The article is here and of course it’s very good that a path has been cleared but the truth is this particular path was cleared fairly regularly prior to 2012 and there was never a problem with it until the council stopped doing it. Dealing with problems like Bridleway 94 and the many others featured on this blog requires a set of policies, procedures and resources to be directed promptly as issues arise. There is no good reason why Bridleway 94 should not have been reinstated within a 6 month timescale other than a complete lack of gumption and management at Kirklees which ultimately sits on Mr Parr’s doorstep.

Why not let Mr Parr know that Bridleway 94 is blocked – Colin.Parr@kirklees.gov.uk As he says “It’s a great help”

Popular 4×4 Routes Closed Around Holmfirth.

Scaly Gate.

A swath of “green lanes” in the Holme Valley have recently been closed to 4x4s by Kirklees. The 3 closures are on a popular circuit for damaging 4×4 vehicles but this Bank Holiday Monday all is quiet. Scaly Gate, Cheese Gate Nabside and Scar End Lane are now physically blocked off and have temporary closure orders placed on them.

It is hoped that these closures will become permanent and that they will be shortly extended to cover Ramsden Road and the Yateholme Lanes. This is a positive development for the area and those that enjoy non motorised use of the lanes or live nearby. It seems Kirklees are at last acknowledging the damage and nuisance caused by 4x4s and are now prepared to do something. 🙂


The paths as they were in 1926.

Kirklees are advertising a diversion order for Meltham Footpaths 26 & 79 at what is now the Morrisons store at Station Road, Meltham. This is the third attempt at diverting the two paths and is over 20 years on from an original Kirklees cock up. So, nicely matured but not in a good way.

Aerial photo from 2000 and the paths have gone:-)

The site was cleared by a developer in the late 1990’s. Kirklees granted a temporary closure for this work but looked the other way when the bridges carrying Footpaths 26 & 79 were removed along with all traces of the paths themselves. Kirklees continued to look the other way as planning permission for the store, carparks etc were fully implemented. Any complaints from the public about what was happening were ignored. Granting of the planning permission for this site did not give any legal authority for the removal of public footbridges and paths. This should have happened after a diversion order had been granted not before.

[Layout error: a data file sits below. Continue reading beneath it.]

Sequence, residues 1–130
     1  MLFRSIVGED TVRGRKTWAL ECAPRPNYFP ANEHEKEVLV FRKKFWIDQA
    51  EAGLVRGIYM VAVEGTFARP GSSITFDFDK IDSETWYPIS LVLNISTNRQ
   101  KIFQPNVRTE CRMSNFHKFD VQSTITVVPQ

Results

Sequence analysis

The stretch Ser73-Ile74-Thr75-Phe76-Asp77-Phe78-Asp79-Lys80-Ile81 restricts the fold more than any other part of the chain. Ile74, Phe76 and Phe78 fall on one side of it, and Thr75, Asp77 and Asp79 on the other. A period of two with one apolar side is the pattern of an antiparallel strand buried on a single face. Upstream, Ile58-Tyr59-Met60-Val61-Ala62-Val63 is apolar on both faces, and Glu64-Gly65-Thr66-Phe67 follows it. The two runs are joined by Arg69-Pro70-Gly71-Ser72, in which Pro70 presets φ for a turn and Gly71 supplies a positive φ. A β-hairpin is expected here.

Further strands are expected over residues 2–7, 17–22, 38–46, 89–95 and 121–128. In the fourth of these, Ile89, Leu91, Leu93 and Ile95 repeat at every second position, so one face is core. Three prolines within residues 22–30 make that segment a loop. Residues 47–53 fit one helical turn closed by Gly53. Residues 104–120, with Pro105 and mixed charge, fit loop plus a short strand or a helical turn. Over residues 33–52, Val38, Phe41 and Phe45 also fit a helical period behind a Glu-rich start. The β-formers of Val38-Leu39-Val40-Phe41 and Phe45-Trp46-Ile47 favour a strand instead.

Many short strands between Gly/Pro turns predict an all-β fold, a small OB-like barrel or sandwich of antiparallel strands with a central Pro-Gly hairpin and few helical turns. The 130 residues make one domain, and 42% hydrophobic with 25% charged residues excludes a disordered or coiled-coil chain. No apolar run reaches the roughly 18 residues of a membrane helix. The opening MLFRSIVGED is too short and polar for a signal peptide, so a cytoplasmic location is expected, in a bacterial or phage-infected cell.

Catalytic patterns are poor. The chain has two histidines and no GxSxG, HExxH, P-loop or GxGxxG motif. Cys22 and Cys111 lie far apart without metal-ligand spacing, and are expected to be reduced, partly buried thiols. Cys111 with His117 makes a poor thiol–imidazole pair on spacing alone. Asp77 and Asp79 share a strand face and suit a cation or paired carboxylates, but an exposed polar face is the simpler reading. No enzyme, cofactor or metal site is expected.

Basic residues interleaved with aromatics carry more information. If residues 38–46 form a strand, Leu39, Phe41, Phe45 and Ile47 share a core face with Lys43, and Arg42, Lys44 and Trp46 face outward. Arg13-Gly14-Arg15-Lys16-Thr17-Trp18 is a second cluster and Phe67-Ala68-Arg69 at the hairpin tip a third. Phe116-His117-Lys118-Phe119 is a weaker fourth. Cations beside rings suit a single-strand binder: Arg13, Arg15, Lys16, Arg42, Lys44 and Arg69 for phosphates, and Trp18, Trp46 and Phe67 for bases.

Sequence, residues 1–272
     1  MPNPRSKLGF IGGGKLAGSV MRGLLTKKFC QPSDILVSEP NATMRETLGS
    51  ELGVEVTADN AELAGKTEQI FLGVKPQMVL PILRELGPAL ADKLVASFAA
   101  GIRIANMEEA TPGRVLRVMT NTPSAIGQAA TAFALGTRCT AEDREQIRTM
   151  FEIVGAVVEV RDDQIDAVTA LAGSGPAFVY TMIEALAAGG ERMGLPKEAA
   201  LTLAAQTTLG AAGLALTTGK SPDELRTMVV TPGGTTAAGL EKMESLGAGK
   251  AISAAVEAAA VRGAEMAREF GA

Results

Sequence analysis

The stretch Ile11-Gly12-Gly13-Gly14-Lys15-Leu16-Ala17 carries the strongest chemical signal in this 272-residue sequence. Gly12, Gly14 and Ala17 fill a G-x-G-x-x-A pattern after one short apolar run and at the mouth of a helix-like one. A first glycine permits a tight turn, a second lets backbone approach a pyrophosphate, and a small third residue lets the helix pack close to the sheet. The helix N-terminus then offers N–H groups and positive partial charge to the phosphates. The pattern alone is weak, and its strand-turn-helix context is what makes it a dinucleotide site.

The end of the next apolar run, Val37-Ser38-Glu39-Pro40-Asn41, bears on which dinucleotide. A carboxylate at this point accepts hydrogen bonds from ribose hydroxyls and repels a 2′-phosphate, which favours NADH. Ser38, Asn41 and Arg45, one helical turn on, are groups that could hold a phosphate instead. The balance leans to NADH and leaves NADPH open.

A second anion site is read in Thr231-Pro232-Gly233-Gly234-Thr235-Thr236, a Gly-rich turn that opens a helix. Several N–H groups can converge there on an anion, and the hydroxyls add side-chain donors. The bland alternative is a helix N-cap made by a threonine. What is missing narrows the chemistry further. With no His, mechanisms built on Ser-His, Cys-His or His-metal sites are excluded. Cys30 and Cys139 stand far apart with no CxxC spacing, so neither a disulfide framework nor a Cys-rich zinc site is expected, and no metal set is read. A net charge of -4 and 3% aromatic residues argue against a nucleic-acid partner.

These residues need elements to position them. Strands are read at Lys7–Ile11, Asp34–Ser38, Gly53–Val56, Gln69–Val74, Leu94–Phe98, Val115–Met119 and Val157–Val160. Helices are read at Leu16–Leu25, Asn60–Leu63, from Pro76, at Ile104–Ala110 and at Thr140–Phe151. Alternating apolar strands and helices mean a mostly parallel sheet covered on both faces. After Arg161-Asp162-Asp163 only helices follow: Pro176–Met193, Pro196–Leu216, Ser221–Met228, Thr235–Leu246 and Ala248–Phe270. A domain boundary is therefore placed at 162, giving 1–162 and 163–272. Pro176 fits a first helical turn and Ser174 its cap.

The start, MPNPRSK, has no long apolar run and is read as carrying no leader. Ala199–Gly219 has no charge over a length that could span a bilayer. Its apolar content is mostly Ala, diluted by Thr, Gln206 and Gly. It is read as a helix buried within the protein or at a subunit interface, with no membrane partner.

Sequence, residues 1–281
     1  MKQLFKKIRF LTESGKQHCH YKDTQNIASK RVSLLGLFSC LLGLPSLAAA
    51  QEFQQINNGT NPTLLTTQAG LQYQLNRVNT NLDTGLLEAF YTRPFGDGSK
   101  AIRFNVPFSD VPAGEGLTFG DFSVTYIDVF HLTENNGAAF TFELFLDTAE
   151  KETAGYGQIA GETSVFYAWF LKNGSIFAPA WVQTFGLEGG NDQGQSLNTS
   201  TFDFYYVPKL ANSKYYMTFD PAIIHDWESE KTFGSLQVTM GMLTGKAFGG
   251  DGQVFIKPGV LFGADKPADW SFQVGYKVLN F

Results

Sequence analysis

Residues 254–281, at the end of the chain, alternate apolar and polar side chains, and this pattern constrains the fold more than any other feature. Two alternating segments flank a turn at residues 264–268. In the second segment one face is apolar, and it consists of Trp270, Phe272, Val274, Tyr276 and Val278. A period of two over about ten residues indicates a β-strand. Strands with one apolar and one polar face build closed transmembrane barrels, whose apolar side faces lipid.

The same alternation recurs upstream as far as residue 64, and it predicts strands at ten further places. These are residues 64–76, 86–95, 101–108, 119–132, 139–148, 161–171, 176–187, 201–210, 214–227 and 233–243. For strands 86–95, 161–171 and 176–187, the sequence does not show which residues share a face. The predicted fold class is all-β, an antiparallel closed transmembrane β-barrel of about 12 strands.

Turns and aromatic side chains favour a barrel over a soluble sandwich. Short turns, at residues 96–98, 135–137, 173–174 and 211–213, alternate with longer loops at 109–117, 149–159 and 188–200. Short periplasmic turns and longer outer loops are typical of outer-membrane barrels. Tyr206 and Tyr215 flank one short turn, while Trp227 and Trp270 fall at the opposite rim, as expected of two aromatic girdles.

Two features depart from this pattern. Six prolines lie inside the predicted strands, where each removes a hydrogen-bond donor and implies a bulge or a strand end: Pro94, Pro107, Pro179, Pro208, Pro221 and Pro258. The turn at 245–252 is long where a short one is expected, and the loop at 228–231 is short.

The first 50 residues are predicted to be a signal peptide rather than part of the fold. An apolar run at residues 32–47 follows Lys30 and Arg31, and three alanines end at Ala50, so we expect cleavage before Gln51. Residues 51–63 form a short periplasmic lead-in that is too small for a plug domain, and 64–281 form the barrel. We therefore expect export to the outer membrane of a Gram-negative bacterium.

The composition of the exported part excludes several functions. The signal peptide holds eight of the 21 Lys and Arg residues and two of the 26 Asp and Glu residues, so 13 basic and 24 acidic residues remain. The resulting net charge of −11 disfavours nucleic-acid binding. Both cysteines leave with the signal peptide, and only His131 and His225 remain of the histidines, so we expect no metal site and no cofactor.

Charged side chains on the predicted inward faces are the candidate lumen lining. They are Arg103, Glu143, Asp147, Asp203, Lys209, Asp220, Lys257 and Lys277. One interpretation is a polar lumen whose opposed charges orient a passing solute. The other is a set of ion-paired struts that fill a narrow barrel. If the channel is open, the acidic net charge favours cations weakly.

Of course development of the site has been both a great success and benefit to the area and of course both public footpaths needed to change to permit this. The question is why wasn’t this done to a high standard and with the public interest in mind 20 odd years ago?

The main issue with the diversion is that both footpaths 26 and 79 are being diverted onto an extensive flight of steps. In contrast both original paths negotiated this slope via footbridges and ramps in a much more direct manner. Footpath 79 is also diverted onto the Meltham Greenway which is shared with cyclists. The current width of Footpath 79 is 2.7 metres. The proposed new (shared) width is 2.5 metres. Arguably, these facts make the proposed new routes substantially less convenient than the original paths. You could have pushed a pram along either path in 1926 but not now in 2022.

In contrast Kirklees Council accepted in the case of Spenborough Footpath 110 (Spen Valley Leisure Centre) that a short flight of steps on the proposed diversion should be removed in favour of an improved gradient of not less than 1:12. Interestingly the council repeated the mistakes of the late 1990’s here by granting a temporary closure and then building on Spen 110. The diversion order has not yet been confirmed. Come back in 20 years 🙂 .

At a time when active travel is a priority it seems wrong to be making a barrier (the steps) on a traffic free route to a supermarket both legal and permanent which is what this order will do.

Any representations about or objections to the order may be sent or delivered in writing addressed to Harry Garland, Kirklees Council, Legal Services, PO Box 1720, Huddersfield, HD1 9EL no later than 29 April 2022. You should quote reference HG/D112-340 and state the grounds on which your objection/representation is made. Harry.Garland@kirklees.gov.uk

Footpaths 26 & 79 will be diverted onto these steps.